Instead, a best practice is to set up separate channels for individual teams.

In each team channel, you can include users who depend upon or maintain the tables that are routed to that channel. As alerts arrive, they can use emoji reactions to classify their response to alerts.

Examples of common emoji reactions to alerts in Slack or Microsoft Teams.

Common reactions include:

  • ✅ the issue has been fixed
  • 🔥 an important alert
  • 🛠️ a fix is underway
  • 🆗 expected behavior, nothing needed
  • 👀 under review

Or users can @ mention their colleagues in a thread to diagnose and resolve the underlying issue.

9. Provide actionable context for issues to accelerate triage

When an alert fires, it is frustrating to get a message like:

column user_id in table fact_table has NULL values

This alert puts the onus on the user to answer questions like:

  • Why does this alert matter?
  • What # and % of user_id values are affected?
  • How often has this alert failed in the recent past?
  • Who configured this alert, and why?
  • What dashboards or ML models depend on fact_table?
  • What raw data source contributed user_id to fact_table ?

Notifications should include this information directly or link to data catalog platforms that do.

Additionally, notifications should include samples of raw data that highlight good and bad values:

Sample bad rows (with NULL timestamp values) compared to good rows.

Advanced statistical methods can analyze the underlying data and produce root cause analyses that identify exactly where the issue is occurring.

A root cause analysis that identifies the segments of data (venuestate = ‘NY’ in this case) that most clearly identify where the underlying data quality issue has occurred.

10. Collect and learn from user feedback

Inevitably, your data quality solution will send alerts that are not useful. In these cases, it is important to collect that feedback.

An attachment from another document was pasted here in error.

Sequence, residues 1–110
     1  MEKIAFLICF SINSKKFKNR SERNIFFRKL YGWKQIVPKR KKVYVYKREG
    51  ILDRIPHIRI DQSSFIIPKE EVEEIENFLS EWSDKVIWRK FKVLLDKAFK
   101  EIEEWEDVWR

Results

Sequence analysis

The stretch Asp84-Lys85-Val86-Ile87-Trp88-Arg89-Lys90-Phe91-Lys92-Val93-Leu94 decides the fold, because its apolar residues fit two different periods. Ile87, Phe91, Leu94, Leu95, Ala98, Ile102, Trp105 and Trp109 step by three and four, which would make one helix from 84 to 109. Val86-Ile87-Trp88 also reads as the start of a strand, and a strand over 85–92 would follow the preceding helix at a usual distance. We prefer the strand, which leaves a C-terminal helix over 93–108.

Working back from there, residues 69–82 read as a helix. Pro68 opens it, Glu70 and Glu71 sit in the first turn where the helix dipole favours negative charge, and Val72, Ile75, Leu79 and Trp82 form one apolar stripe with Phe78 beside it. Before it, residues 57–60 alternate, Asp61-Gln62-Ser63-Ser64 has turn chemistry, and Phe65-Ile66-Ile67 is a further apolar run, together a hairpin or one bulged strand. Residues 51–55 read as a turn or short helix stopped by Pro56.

An example of buttons used to provide feedback on an alert.

Over time, a data quality monitoring solution can be tuned using machine learning to suppress alerts that users do not find useful.

To effectively monitor your data, your system should produce comprehensive, targeted, and accurate alerts.

First, be sure to minimize false-positive alerts. Migrate static tests to more intelligent dynamic tests that adjust with your data. Ensure users can adjust alert priorities and subscribe to notifications they care about. Check only the latest data by default and make it easy for rules to be edited.

Next, reduce the burden on users of false-positive alerts. Cluster similar issues together and provide the right with alerts. Use API integrations to prevent bad data from continuing through pipelines. Then ensure your system can adapt to user feedback over time.

Finally, make your testing strategy comprehensive enough that you do not miss real data quality issues (false negatives). Use dynamic testing and user-friendly interfaces to make configuring alerts easy. And leverage row-level unsupervised monitoring to scan for issues your other alerts miss.

Combined, these solutions ensure your alerts are high quality, your users are productive and engaged, and the quality of the data you depend upon keeps increasing over time.

To learn more about how data teams use Anomalo to reduce false positive and false negative alerts, request a demo.